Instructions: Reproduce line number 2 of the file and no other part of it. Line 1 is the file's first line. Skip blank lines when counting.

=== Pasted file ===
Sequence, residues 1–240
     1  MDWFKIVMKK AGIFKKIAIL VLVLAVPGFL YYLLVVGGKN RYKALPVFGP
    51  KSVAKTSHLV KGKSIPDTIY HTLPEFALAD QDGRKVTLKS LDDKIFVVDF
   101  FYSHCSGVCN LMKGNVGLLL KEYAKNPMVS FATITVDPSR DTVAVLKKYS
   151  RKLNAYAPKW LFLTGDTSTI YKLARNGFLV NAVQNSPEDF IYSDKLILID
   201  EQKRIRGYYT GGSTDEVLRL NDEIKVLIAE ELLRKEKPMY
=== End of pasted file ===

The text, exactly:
     1  MDWFKIVMKK AGIFKKIAIL VLVLAVPGFL YYLLVVGGKN RYKALPVFGP